1. Thank you! One thing I noticed while writing this post is that oftentimes crossdressers are fun characters like Nuriko and Ranka. While that may not seem like a bad thing, it still means there is a lack of a range in the depiction of characters who like to dress as women. This is why it’s important to be critical of media (not just shojo manga), and having such characters encourages audiences to do so.

  2. I’m glad you mentioned Ranka, but I am curious about what you think of Haruhi herself. I had this idea for a post discussing how the anime seems to push her towards femininity even though she’s sort of gender-agnostic at the series outset.

    Also, I wonder what you think of “made to present as [opposite gender] as part of training”. Off the top of my head, I can think of Daichi from Ladies Versus Butlers and Akira from Mai-HiME, but probably more relevant is its appearance in Shugo Chara! (Nadeshiko/Nagihiko) and Maryia in Maria-Holic (set up as a parody of Shoujo manga).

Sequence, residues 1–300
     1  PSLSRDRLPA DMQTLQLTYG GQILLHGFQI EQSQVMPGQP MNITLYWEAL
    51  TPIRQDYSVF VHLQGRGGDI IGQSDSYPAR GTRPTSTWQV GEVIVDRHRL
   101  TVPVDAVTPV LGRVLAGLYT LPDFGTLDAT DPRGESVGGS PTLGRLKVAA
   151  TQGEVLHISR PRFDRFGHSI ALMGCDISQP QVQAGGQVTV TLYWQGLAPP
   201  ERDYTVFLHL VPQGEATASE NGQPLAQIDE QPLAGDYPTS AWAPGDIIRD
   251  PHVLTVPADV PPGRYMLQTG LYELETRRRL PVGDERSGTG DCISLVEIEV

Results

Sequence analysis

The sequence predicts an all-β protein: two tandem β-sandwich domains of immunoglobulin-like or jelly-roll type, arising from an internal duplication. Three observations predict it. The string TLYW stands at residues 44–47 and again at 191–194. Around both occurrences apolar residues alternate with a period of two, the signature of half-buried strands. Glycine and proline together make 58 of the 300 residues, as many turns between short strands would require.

1. I actually don’t care too much for Haruhi becase her blase attitude toward things left me feeling blase toward her. I do agree that the series pushes her toward femininity – when Tamaki yells at her for fighting a group of guys, at first she says it doesn’t matter that she’s a girl, but by the end of the episode she apologizes and says he’s right. And I’m not really sure of what you mean by ‘presenting as part of training,’ nor am I familiar with any of the examples you mentioned.